Pinching talent from other clubs only goes so far – building culture is far more important


The genius behind Wayne Bennett is explained clearly in the 2002 book, Don’t Die with the Music in You, which delves into the thinking and theories that form the bedrock of his coaching.

Essentially, the book enunciates the emphasis Bennett places on relationships and the simply yet profoundly effective way in which he builds trust with the young men that play under him.

Those relationships create something quite powerful and effective when it comes to success in a professional environment, ie a culture of work, success, trust and loyalty.

Craig Bellamy has done precisely the same in Melbourne, even putting aside the years where cheating tarnished the club so badly. Both men have enjoyed prolonged and unrivalled success in the modern game thanks to an ability to build a tangible culture that galvanises the playing group, whilst also allowing young players to access and express the talent their talent.

However, if building that culture was as easy as reading Steve Crawley’s book on Bennett or following the advice of Bellamy, everyone would indeed be doing it.

A handful of NRL clubs continue to battle with establishing a successful and winning culture, and despite their respective coaches talking the talk in press conferences and laying a platform of hope for fans, actions on the field continue to present a different narrative.

Wayne Bennett’s latest team remains a work in progress. (Photo by Bradley Kanaris/Getty Images)

The Bulldogs have raided Penrith’s playing stocks in recent times and signed up some big-name players from around the league, yet the club’s horrific run of form has yet to officially end.

Seven years without a ladder finish better than eleventh and even after slowly recovering from an abused salary cap and beginning to attract more talent to the club, the win-loss column has shown little sign of improving.

Canterbury have won just 21 of its last 97 NRL matches, even as the expensive and bigger names have begun to arrive over the last four seasons.

In truth, players, coaches and administrators have come and gone, yet the individual machinations distract from the bigger point. The Bulldogs appear to stand for little.

The culture once leant on by fans has faded and coach Cameron Ciraldo has failed to imprint a new one on his team thus far, with the playing style and culture still not identifiable.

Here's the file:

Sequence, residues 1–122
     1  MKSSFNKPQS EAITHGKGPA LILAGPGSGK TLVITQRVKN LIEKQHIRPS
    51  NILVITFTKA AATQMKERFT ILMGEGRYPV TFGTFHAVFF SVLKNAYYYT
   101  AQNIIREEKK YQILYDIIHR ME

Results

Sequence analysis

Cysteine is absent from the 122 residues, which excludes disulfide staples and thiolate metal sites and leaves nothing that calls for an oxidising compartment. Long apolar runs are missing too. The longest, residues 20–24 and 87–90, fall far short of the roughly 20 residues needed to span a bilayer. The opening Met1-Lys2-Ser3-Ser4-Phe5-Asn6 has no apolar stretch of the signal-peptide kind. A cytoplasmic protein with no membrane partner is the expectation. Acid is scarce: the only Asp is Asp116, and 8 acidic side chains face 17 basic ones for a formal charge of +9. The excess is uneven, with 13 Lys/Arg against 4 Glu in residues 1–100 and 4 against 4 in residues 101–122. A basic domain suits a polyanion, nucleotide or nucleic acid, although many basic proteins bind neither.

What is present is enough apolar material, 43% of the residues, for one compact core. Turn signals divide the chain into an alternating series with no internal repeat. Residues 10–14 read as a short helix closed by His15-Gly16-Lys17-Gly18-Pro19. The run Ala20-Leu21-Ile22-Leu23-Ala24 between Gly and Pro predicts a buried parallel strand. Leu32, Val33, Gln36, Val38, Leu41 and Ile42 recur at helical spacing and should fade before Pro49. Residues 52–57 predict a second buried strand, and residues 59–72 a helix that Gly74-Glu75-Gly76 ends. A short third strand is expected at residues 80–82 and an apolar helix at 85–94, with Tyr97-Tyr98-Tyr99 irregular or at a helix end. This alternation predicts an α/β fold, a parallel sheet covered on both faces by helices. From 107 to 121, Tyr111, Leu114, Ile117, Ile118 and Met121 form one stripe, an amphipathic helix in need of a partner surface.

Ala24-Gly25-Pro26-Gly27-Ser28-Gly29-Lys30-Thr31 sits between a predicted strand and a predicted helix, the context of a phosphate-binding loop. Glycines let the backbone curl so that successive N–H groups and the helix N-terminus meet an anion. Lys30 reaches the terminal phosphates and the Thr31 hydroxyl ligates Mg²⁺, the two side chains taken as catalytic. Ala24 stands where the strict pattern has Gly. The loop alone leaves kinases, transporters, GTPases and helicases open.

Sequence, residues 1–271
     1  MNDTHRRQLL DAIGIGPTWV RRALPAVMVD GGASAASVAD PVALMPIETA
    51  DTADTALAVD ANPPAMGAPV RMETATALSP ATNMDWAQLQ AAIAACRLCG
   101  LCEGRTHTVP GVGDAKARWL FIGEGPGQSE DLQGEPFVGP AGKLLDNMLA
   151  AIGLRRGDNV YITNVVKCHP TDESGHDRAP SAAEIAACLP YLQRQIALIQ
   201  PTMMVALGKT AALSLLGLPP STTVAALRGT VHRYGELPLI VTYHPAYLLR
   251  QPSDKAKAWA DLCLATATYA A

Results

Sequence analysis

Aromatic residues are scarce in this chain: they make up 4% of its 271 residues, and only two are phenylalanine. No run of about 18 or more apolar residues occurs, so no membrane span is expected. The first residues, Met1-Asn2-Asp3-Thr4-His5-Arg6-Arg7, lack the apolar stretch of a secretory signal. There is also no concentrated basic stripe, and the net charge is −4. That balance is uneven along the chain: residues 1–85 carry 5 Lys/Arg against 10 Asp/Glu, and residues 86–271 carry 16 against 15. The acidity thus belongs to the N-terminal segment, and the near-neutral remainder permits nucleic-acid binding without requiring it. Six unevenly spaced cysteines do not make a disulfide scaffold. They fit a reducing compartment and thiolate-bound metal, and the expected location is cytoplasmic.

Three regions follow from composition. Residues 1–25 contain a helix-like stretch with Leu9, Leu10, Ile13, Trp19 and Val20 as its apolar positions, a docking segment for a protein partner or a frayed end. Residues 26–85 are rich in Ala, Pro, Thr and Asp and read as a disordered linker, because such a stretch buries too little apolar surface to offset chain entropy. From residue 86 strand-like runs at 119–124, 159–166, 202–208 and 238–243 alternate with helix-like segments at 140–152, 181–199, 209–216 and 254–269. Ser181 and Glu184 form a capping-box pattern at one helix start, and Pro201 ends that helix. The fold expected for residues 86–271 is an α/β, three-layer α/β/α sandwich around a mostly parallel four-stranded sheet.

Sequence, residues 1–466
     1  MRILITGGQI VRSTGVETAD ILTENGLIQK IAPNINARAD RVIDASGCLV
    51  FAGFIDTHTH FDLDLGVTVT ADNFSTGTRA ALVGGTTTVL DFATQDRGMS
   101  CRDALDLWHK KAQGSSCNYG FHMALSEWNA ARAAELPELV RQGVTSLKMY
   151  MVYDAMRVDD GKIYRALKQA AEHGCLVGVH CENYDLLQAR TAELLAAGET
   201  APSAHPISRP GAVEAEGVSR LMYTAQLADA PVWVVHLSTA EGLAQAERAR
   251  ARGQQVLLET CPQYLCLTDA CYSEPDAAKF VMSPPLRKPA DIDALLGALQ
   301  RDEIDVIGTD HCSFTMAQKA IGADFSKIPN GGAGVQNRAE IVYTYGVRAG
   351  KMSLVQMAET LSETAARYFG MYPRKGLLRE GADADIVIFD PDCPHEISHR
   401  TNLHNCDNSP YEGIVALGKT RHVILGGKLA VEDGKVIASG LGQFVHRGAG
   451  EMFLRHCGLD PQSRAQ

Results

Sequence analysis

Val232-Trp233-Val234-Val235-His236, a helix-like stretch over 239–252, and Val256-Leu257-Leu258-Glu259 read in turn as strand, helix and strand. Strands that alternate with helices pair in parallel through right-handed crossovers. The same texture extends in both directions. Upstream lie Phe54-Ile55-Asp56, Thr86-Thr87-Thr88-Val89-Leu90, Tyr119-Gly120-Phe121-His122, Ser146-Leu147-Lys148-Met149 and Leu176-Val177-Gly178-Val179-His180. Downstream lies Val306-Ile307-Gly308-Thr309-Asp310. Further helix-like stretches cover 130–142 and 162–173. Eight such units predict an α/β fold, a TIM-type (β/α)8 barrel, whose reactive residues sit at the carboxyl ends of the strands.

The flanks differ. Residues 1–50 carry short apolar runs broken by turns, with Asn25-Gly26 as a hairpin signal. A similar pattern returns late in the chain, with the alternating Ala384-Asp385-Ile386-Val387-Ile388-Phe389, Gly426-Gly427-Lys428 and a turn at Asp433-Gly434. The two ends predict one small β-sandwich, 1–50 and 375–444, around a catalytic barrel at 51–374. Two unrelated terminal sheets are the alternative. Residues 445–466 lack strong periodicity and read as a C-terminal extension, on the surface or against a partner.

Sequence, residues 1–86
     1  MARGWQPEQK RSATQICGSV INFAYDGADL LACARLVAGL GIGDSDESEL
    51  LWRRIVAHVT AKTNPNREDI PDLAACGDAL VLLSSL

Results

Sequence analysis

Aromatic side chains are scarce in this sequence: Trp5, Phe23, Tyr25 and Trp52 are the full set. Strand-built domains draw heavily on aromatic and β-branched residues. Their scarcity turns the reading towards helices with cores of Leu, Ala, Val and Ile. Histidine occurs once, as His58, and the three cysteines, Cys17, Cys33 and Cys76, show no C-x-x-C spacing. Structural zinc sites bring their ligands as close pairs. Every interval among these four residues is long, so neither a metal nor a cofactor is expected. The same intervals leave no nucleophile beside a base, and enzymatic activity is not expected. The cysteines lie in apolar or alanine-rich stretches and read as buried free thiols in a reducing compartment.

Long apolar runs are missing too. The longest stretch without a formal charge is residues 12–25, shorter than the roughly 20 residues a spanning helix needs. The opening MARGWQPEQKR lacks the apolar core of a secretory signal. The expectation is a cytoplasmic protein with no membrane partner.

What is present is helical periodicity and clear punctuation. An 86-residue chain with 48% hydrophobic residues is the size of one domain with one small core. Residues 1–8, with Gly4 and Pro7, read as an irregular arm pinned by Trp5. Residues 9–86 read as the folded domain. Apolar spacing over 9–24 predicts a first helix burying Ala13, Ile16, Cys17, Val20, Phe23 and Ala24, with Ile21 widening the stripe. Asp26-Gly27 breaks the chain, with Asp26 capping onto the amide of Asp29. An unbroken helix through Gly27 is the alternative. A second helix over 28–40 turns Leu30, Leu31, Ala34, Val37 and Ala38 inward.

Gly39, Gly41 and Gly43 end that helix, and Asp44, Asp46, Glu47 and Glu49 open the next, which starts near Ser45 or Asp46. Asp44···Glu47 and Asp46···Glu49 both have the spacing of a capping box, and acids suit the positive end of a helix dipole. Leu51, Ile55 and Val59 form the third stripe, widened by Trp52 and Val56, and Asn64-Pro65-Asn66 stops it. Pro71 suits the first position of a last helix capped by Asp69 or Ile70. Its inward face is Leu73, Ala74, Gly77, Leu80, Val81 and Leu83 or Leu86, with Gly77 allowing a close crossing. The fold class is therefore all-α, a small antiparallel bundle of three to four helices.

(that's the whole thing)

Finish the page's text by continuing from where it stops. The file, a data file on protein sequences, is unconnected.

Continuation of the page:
Bulldogs coach Cameron Ciraldo. (Photo by Matt King/Getty Images)

Much is made of the Eels and the long premiership drought they continue to extend year after year. Whilst far from the basket case that the Bulldogs have been in recent years, Parramatta still enter conversions around culture and are front and centre when people cite teams with losing mentalities and a weakness of mind that holds them back.

Personally, I feel that is a little unfair and perhaps the Eels are more cursed than culturally flawed. Current coach Brad Arthur does have five recent finals campaigns under his belt to prove that there is plenty going right at the club.

All teams who suffer long periods at the wrong end of the ladder grapple with the challenges that Ciraldo currently faces. No team has been more in need of establishing a new culture than the Wests Tigers; a group so bereft of success that they have not featured in finals since 2011.

Possessing the two most recent wooden spoons, it is interesting that after trying multiple coaches since the last finals campaign, the club has turned to a favourite son.

Benji Marshall is one of the few inside the club that can actually remember what it felt like when the Tiger culture was strong. Questions around his tactical ability as a coach and level of experience are in fact, secondary. Most important for the 39-year-old is the re-establishment of trust, loyalty and responsibility. in a culture that affirms and defines the playing group.

Andrew Webster set about building a new-look New Zealand Warriors outfit at the start of 2023 and despite a disappointing finals’ loss at the end of his first season at the helm, the cultural difference within the club was clear.

Andrew Webster’s impact at the Warriors has been considerable in just one full season in charge. (Photo by Hannah Peters/Getty Images)

Gone were many of the lazy efforts, the excuses, the seeming contentedness with mediocrity. Webster set standards, high standards, demanded more and built relationships with his playing group that were profound in getting the best out of them.

Des Hasler is attempting to do the same for a Titans organisation that remains unfulfilled, with team culture on the Gold Coast an oft discussed issue for clubs that represent the region.

Adam O’Brien looked to have gone a long way towards changing a losing culture at the Knights, yet a poor start to 2024 on the back of a coaching extension have some re-evaluating what looked promising last season. Todd Payten’s Cowboys, off the back of an unexpected flat year, look to be now re-embracing the new standards he set back in 2021.

All the clubs mentioned are hunting for their next or first premiership and whilst recruitment plays an important role in that journey, what Bellamy in particular has proven time and time again, is that culture over-rides the individual.

As the Smiths – Cameron and Brandon, and the likes of Billy Slater, Greg Inglis, Cooper Cronk, Josh Addo-Carr and Dale Finucane departed, another man stepped up inside a structure that held firm regardless.

It is the fundamental driving force behind rugby league success and something so many teams are still struggling to build.

When they do, they might finally be able to win something.

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